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A stone gate barred the entrance to Trinity College. Cut into the gate was a small wooden door. I stepped through it. A porter in a black overcoat and bowler hat showed me around the college, leading me through Great Court, the largest of the courtyards. We walked through a stone passageway and into a covered corridor whose stone was the color of ripe wheat.

“This is the north cloister,” the porter said. “It is here that Newton stomped his foot to measure the echo, calculating the speed of sound for the first time.”

We returned to the Great Gate. My room was directly opposite it, up three flights of stairs. After the porter left I stood, bookended by my suitcases, and stared out my little window at the mythic stone gate and its otherworldly battlements. Cambridge was just as I remembered: ancient, beautiful. I was different. I was not a visitor, not a guest. I was a member of the university. My name was painted on the door. According to the paperwork, I belonged here.

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I dressed in dark colors for my first lecture, hoping I wouldn’t stand out, but even so I didn’t think I looked like the other students. I certainly didn’t sound like them, and not just because they were British. Their speech had a lilting cadence that made me think of singing more than speaking. To my ears they sounded refined, educated; I had a tendency to mumble, and when nervous, to stutter.

I chose a seat around the large square table and listened as the two students nearest me discussed the lecture topic, which was Isaiah Berlin’s two concepts of liberty. The student next to me said he’d studied Isaiah Berlin at Oxford; the other said he’d already heard this lecturer’s remarks on Berlin when he was an undergraduate at Cambridge. I had never heard of Isaiah Berlin.

The lecturer began his presentation. He spoke calmly but moved through the material quickly, as if he assumed we were already familiar with it. This was confirmed by the other students, most of whom were not taking notes. I scribbled down every word.

“So what are Isaiah Berlin’s two concepts?” the lecturer asked. Nearly everyone raised a hand. The lecturer called on the student who had studied at Oxford. “Negative liberty,” he said, “is the freedom from external obstacles or constraints. An individual is free in this sense if they are not physically prevented from taking action.” I was reminded for a moment of Richard, who had always seemed able to recite with exactness anything he’d ever read.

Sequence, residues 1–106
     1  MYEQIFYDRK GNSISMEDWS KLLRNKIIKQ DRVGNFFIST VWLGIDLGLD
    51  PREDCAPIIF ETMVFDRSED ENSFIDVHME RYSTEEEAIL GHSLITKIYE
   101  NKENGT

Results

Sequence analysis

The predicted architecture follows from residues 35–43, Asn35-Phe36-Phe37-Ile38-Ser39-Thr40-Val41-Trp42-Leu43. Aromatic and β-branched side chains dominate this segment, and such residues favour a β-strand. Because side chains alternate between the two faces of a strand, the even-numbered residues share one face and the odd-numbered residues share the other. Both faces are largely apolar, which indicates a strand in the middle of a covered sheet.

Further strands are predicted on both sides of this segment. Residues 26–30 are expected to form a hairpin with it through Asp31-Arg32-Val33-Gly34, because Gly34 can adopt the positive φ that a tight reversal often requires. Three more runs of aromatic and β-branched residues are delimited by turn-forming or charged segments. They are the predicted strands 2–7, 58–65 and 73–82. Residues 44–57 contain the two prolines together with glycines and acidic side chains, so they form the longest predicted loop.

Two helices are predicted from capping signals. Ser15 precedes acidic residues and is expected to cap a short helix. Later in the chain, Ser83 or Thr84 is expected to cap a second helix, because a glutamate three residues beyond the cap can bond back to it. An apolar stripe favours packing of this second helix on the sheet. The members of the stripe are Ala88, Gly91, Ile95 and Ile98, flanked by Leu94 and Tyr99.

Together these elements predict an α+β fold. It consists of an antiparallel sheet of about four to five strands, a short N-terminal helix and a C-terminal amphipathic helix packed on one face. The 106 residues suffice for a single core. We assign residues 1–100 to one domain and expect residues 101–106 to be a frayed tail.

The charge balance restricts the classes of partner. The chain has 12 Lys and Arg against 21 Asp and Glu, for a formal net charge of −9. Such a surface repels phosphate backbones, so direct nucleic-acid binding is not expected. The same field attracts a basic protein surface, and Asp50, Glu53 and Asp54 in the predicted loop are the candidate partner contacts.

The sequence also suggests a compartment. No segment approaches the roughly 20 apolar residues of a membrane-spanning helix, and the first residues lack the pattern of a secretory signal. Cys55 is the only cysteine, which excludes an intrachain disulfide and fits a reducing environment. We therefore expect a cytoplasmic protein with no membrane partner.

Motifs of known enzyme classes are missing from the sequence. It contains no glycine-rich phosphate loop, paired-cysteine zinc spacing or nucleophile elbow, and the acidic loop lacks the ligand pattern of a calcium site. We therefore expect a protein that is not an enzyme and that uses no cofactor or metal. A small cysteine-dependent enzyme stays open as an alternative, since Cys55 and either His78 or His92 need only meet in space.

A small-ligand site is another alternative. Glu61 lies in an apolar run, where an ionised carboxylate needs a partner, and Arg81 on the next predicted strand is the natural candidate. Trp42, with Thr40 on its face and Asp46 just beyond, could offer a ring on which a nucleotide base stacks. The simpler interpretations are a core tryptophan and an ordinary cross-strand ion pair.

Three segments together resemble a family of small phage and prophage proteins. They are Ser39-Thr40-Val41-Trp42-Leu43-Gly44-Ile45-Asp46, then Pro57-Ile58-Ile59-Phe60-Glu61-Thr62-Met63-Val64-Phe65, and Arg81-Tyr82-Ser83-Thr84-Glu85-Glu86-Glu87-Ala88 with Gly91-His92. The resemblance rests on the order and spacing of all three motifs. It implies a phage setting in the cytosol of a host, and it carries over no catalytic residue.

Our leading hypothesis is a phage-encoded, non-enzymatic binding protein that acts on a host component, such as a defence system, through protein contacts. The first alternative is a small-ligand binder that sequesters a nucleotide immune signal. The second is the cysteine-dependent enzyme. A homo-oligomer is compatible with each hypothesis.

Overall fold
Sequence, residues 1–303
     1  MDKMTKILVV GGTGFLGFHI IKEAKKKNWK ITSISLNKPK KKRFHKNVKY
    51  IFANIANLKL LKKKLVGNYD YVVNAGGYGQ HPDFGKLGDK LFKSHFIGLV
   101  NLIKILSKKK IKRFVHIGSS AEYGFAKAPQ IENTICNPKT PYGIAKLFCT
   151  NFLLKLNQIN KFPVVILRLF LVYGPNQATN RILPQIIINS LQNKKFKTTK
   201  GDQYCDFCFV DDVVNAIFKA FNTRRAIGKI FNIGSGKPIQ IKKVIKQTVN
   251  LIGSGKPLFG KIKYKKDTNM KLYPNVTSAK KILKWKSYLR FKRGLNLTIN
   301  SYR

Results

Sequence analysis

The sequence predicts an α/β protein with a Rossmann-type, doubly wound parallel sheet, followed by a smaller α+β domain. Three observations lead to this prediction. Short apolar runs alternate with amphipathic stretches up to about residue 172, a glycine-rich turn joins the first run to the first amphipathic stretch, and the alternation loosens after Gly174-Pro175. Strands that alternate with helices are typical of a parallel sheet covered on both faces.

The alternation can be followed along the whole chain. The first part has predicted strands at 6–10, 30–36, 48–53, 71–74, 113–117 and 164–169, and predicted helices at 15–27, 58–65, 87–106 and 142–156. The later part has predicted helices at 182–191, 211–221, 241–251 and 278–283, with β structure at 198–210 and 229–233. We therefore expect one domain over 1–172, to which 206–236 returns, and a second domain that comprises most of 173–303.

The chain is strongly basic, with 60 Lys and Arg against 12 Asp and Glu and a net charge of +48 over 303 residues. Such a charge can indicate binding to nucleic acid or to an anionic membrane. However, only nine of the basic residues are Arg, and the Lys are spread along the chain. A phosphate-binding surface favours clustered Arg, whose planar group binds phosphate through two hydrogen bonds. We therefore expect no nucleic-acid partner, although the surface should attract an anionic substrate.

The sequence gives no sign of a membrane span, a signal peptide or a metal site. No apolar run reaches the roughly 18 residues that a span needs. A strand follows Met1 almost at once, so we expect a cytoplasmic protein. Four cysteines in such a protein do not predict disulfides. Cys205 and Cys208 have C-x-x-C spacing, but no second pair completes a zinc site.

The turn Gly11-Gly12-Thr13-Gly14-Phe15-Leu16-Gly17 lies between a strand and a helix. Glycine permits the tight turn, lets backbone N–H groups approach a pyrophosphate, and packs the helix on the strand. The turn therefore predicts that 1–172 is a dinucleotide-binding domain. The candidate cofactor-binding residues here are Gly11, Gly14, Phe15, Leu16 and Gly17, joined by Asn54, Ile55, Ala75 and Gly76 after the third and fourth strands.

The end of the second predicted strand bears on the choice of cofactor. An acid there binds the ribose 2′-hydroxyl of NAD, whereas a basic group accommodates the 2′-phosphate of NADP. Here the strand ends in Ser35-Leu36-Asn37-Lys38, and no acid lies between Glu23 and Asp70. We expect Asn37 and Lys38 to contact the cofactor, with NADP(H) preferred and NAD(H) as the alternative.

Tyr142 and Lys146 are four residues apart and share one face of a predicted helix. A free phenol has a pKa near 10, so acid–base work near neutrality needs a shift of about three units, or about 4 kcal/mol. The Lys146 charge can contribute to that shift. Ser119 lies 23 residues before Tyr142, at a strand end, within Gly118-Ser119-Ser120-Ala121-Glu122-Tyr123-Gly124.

“Very good,” the lecturer said. “And the second?”

“Positive liberty,” another student said, “is freedom from internal constraints.”

I wrote this definition in my notes, but I didn’t understand it.

The lecturer tried to clarify. He said positive liberty is self-mastery—the rule of the self, by the self. To have positive liberty, he explained, is to take control of one’s own mind; to be liberated from irrational fears and beliefs, from addictions, superstitions and all other forms of self-coercion.

I had no idea what it meant to self-coerce. I looked around the room. No one else seemed confused. I was one of the few students taking notes. I wanted to ask for further explanation, but something stopped me—the certainty that to do so would be to shout to the room that I didn’t belong there.

After the lecture, I returned to my room, where I stared out my window at the stone gate with its medieval battlements. I thought of positive liberty, and of what it might mean to self-coerce, until my head thrummed with a dull ache.

I called home. Mother answered. Her voice rose with excitement when she recognized my weepy “Hello, Mom.” I told her I shouldn’t have come to Cambridge, that I didn’t understand anything. She said she’d been muscle-testing and had discovered that one of my chakras was out of balance. She could adjust it, she said. I reminded her that I was five thousand miles away.

“That doesn’t matter,” she said. “I’ll adjust the chakra on Audrey and wing it to you.”

“You’ll what it to me?”

Wing it,” she said. “Distance is nothing to living energy. I can send the corrected energy to you from here.”

“How fast does energy travel?” I asked. “At the speed of sound, or is it more like a jetliner? Does it fly direct, or will it have to lay over in Minneapolis?”

Mother laughed and hung up.

I STUDIED MOST MORNINGS in the college library, near a small window. I was there on a particular morning when Drew, a friend from BYU, sent me a song via email. He said it was a classic but I had never heard of it, nor of the singer. I played the song through my headphones. It gripped me immediately. I listened to it over and over while staring out at the north cloister.

Emancipate yourselves from mental slavery

None but ourselves can free our minds

I scratched those lines into notebooks, into the margins of the essays I was writing. I wondered about them when I should have been reading. From the Internet I learned about the cancer that had been discovered on Bob Marley’s foot. I also learned that Marley had been a Rastafarian, and that Rastafari believe in a “whole body,” which is why he had refused surgery to amputate the toe. Four years later, at age thirty-six, he died.

Emancipate yourselves from mental slavery. Marley had written that line a year before his death, while an operable melanoma was, at that moment, metastasizing to his lungs, liver, stomach and brain. I imagined a greedy surgeon with sharp teeth and long, skeletal fingers urging Marley to have the amputation. I shrank from this frightening image of the doctor and his corrupt medicine, and only then did I understand, as I had not before, that although I had renounced my father’s world, I had never quite found the courage to live in this one.

I flipped through my notebook to the lecture on negative and positive liberty. In a blank corner I scratched the line, None but ourselves can free our minds. Then I picked up my phone and dialed.

“I need to get my vaccinations,” I told the nurse.

I ATTENDED A SEMINAR on Wednesday afternoons, where I noticed two women, Katrina and Sophie, who nearly always sat together. I never spoke to them until one afternoon a few weeks before Christmas, when they asked if I’d like to get a coffee. I’d never “gotten a coffee” before—I’d never even tasted coffee, because it is forbidden by the church—but I followed them across the street and into a café. The cashier was impatient so I chose at random. She passed me a doll-sized cup with a tablespoon of mud-colored liquid in it, and I looked longingly at the foamy mugs Katrina and Sophie carried to our table. They debated concepts from the lecture; I debated whether to drink my coffee.